The transfer of macromolecules across membranes and kingdoms is an essential biological process. Type IV transport is used by bacteria to deliver macromolecules to prokaryotic and eukaryotic cells (Covacci et al., 1999; Christie, 2001). Agrobacterium tumefaciens uses type IV transport to transfer DNA to plant cells. Escherichia coli transfers plasmids by conjugation by the type IV mechanism. Human and animal pathogens, e.g. Helicobacter pylori, Bordetella pertussis, Brucella suis and Rickettsia prowazekii, use a similar method to deliver pathogenesis-related effector proteins and other molecules. DNA transfer from Agrobacterium to plants causes the crown gall tumour disease (Zupan et al., 2000). The transferred (T-)DNA and the genes essential for its transfer, the virulence (vir) genes, are encoded within the large Ti- (tumour-inducing) plasmid. DNA transfer requires the virA, virB, virD, virE and virG genes (Stachel and Nester, 1986). The Vir proteins are primarily responsible for the processing of the DNA, its transfer to the plant cell and its integration into the plant nuclear genome. The T-DNA exits the bacterium through a transport apparatus composed primarily of the VirB proteins. VirB2 and VirB5 form a T-pilus that presumably promotes host–recipient interaction (Fullner et al., 1996; Lai and Kado, 1998; Schmidt-Eisenlohr et al., 1999). The T-pilus is found primarily at one cell pole (Lai et al., 2000). Five proteins, VirB6– VirB10, are postulated to be the core constituents of the transport apparatus (Das and Xie, 2000). Most of these proteins interact with one another and form various protein complexes (Anderson et al., 1996; Spudich et al., 1996; Baron et al., 1997; Beaupre et al., 1997; Das et al., 1997; Das and Xie, 2000). Subcellular localization studies have indicated that three VirB proteins localize to a few sites on the bacterial membranes (Kumar et al., 2000). These sites may represent the transport apparatus.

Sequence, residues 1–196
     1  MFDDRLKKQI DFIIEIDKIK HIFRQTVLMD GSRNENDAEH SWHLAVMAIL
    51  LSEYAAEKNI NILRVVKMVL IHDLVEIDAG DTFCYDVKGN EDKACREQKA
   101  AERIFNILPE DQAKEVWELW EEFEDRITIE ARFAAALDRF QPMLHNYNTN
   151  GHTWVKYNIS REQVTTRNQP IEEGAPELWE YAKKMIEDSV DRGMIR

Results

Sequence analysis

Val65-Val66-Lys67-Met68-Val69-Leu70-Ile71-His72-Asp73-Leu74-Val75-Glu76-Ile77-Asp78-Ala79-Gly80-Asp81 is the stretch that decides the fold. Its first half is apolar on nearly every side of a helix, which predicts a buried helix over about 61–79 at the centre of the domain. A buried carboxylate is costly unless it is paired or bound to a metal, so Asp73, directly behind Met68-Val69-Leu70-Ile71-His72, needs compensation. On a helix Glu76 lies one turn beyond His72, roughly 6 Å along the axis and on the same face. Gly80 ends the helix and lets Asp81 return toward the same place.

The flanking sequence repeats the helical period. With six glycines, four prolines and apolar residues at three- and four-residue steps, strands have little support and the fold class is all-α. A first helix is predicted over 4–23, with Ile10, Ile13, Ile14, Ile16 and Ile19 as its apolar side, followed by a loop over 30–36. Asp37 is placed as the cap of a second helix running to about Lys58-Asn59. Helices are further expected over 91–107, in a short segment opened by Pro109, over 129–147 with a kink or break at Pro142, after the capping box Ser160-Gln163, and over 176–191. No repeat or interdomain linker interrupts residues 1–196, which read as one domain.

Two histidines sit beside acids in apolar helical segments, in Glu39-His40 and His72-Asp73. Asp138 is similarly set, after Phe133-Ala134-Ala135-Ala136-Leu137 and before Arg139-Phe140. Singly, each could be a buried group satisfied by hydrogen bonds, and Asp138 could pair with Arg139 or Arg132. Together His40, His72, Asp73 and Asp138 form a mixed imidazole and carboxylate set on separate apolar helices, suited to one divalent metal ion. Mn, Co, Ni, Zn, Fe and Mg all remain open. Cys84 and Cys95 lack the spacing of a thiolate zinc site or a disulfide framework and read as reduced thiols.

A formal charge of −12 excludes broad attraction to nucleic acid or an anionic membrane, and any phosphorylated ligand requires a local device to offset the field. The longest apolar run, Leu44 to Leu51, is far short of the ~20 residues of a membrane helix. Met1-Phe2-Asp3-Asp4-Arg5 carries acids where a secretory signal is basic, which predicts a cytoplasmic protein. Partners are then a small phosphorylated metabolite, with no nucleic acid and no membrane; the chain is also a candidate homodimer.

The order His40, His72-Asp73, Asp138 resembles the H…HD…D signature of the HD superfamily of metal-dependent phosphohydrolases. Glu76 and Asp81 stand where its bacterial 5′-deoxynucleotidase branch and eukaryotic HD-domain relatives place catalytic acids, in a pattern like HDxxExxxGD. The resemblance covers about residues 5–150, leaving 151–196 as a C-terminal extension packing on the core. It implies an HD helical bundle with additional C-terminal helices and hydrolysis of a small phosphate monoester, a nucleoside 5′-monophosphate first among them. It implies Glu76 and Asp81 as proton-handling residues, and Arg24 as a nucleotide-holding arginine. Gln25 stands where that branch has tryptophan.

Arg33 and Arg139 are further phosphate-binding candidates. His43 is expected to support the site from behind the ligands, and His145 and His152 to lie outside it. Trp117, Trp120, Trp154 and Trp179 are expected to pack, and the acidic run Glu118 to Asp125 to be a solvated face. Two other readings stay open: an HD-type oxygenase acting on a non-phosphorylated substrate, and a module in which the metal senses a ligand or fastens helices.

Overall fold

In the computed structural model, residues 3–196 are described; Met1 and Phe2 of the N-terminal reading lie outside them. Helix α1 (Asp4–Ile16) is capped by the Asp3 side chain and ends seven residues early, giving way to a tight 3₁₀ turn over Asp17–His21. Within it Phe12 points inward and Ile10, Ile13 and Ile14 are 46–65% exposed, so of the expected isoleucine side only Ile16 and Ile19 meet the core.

The VirD proteins catalyse processing of the T-DNA and its transfer. VirDl and VirD2 introduce a nick at the T-DNA border sequences producing the single-stranded T-strand DNA composed of the bottom strand of the T-DNA (Zupan et al., 2000). VirD3 is not required for tumour formation (Vogel and Das, 1992). VirD4, an essential DNA transfer protein, is postulated to mediate communication between a substrate and the transport pore (Cabezon et al., 1997). VirD4 is an inner membrane protein with two membrane-spanning domains near the N-terminus, and both the N- and C-terminus of the protein are cytoplasmic (Okamoto et al., 1991; Das and Xie, 1998). Amino acid residues 13–30 and 68–86 comprise the membrane-spanning domains. Near the N-terminus of the large cytoplasmic domain, there is a Gly-x-Gly-x-Gly-xn-Lys (x = any residue) sequence at residues 151–174 that bears weak resemblance to the Walker A box sequence, a sequence motif found conserved in nucleotide-binding proteins (Balzer et al., 1994). The role of this sequence in T-DNA transfer is not known.